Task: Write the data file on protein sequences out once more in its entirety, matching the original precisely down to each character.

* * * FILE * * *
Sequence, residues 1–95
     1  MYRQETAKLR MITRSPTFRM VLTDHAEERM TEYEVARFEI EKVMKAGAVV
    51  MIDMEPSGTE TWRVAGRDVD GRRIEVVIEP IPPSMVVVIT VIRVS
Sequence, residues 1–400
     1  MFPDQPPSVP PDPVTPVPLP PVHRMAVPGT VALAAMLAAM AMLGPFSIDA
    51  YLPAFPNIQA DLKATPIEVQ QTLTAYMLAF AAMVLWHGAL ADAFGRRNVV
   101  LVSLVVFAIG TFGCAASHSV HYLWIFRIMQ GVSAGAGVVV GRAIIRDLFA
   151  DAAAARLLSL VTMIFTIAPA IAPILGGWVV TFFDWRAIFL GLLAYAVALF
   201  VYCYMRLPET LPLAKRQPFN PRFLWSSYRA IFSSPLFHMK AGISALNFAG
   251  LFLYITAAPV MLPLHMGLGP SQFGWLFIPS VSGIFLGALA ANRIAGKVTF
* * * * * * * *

Sequence, residues 1–95
     1  MYRQETAKLR MITRSPTFRM VLTDHAEERM TEYEVARFEI EKVMKAGAVV
    51  MIDMEPSGTE TWRVAGRDVD GRRIEVVIEP IPPSMVVVIT VIRVS
Sequence, residues 1–400
     1  MFPDQPPSVP PDPVTPVPLP PVHRMAVPGT VALAAMLAAM AMLGPFSIDA
    51  YLPAFPNIQA DLKATPIEVQ QTLTAYMLAF AAMVLWHGAL ADAFGRRNVV
   101  LVSLVVFAIG TFGCAASHSV HYLWIFRIMQ GVSAGAGVVV GRAIIRDLFA
   151  DAAAARLLSL VTMIFTIAPA IAPILGGWVV TFFDWRAIFL GLLAYAVALF
   201  VYCYMRLPET LPLAKRQPFN PRFLWSSYRA IFSSPLFHMK AGISALNFAG
   251  LFLYITAAPV MLPLHMGLGP SQFGWLFIPS VSGIFLGALA ANRIAGKVTF